Friday, 25 February 2000
1. DOE: SCIENCE BUDGET JEOPARDIZED BY CAPUANO AMENDMENT.
week, the House passed H.R. 2086, The Networking and Information
Technology Research and Development Act, authorizing $3B for
fiscal years 2000-2004, but not before a bizarre amendment was
agreed to. Rep. Michael Capuano (D-MA), whose district includes
MIT, proposed shifting half the IT money designated for DOE to
NSF. Ellen Tauscher (D-CA), in whose district both the Lawrence
Berkeley and Livermore National Labs reside, was the only one to
speak against the amendment prior to its passage on a voice vote.
She noted that, among other things, the measure would close the
National Energy Research Scientific Computing Center at LBL, the
nation's most powerful unclassified computer facility. The lack
of any effective opposition is troubling. Although the amendment
creates too much chaos to be enacted into law, it will divert
energy away from passing the best DOE science budget in years.
The motives of Mr. Capuano are the subject of much speculation.
2. DIET SUMMIT: THE CONSERVATION OF ENERGY MIGHT BE HELPFUL.
Eighty-five percent of Americans list weight loss as their top
goal, but studies find we are going the other way. So Secretary
of Agriculture Dan Glickman invited authors of the most popular
diet plans to Washington to debate nutrition. At one extreme
there was Dr. Dean Ornish pushing his high-carbohydrate diet, and
at the other Dr. Atkins, the current number one best-selling
author, urging people to eat the hamburger patty and the cheese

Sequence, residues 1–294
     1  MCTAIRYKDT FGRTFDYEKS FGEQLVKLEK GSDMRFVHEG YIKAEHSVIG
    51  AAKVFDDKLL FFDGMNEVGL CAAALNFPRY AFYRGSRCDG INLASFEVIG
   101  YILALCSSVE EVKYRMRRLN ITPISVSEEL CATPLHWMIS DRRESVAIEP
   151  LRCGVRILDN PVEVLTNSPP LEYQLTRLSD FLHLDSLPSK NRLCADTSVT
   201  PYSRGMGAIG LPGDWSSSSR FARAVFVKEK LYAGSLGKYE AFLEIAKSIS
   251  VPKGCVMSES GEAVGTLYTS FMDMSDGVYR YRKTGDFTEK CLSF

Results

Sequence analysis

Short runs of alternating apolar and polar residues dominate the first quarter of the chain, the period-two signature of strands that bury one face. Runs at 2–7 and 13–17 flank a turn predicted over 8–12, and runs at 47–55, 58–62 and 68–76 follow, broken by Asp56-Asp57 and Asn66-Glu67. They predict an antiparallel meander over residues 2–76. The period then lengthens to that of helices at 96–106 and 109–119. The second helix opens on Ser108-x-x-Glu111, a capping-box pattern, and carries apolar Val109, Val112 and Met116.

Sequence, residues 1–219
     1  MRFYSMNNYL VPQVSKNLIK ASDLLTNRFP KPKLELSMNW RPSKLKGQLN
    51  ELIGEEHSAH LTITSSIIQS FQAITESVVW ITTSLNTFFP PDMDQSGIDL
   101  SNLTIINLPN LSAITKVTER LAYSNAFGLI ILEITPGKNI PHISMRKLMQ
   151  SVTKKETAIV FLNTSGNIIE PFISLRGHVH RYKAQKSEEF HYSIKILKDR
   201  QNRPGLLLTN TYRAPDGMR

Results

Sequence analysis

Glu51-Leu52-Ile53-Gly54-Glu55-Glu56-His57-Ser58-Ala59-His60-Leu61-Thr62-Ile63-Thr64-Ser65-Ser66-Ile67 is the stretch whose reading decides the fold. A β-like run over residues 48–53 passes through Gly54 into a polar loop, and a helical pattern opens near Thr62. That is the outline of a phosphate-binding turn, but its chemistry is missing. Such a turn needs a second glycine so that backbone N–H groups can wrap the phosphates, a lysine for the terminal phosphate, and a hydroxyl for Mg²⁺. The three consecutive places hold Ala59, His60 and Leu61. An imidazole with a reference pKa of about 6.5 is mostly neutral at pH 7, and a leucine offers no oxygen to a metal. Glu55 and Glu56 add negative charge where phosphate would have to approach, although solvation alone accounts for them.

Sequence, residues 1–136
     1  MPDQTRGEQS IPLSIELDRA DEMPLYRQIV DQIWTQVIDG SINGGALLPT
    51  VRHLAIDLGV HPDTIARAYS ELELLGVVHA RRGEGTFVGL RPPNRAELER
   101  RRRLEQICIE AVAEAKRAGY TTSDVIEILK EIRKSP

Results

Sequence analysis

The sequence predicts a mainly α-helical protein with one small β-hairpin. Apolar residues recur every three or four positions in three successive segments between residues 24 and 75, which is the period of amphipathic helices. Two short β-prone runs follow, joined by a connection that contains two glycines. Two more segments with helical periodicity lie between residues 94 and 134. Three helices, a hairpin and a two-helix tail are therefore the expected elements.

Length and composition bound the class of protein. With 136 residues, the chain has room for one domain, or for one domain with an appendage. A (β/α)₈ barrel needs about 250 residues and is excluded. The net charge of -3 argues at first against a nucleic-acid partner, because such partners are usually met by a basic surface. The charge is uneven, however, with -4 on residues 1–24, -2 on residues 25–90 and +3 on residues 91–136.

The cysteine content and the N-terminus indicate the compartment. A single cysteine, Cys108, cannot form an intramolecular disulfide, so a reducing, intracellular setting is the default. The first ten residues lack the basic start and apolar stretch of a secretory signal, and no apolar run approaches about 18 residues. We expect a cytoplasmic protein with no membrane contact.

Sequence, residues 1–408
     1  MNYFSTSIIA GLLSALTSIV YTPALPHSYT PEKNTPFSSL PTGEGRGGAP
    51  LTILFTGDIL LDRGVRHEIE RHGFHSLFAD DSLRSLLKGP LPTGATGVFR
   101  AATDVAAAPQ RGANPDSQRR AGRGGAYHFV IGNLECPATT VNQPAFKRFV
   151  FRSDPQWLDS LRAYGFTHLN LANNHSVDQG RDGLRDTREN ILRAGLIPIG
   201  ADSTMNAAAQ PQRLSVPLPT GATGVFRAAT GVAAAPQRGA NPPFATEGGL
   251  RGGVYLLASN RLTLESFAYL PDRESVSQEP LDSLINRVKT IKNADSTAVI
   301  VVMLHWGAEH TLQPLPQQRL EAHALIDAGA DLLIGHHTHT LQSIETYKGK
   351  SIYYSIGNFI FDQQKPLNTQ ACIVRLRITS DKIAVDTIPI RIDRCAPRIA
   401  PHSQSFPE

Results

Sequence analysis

and throw away the bun. Atkins, who didn't look exactly svelte,
took a postprandial nap during the proceedings. Since all of
these best-selling authors have become millionaires, WN decided
to offer the "physics plan": burn more calories than you consume.
3. PROLIFERATION: SPACE STATION HELD HOSTAGE BY THE SENATE.
unanimous vote, the Senate yesterday called for the President to
certify that Russia's space agency has not aided Iran's missile
program before we will help pay for Russia's "contribution" to
the International Space Station. In spite of the recent gains by
reformers, Iran is apparently continuing to develop missile
technology, as well as chemical, biological and nuclear weapons.
Although the White House threatened a veto of the House version
passed last September, the administration seems satisfied with
changes in the Senate bill. No one seemed very concerned about
the impact on the faltering space station program. Proponents of
a station might in fact welcome sanctions as a chance to blame
the growing embarrassment of the ISS entirely on the Russians.
4. CLONING: TASTEFUL IDEAS PORE IN FROM READERS.
As did spelling corrections
(WN 18 Feb 00).
The WN favorite: clone types who are
almost extinct, such as airline reservation operators, kindly
proposal reviewers and honest politicians, while admitting that
the later category might require exhumation.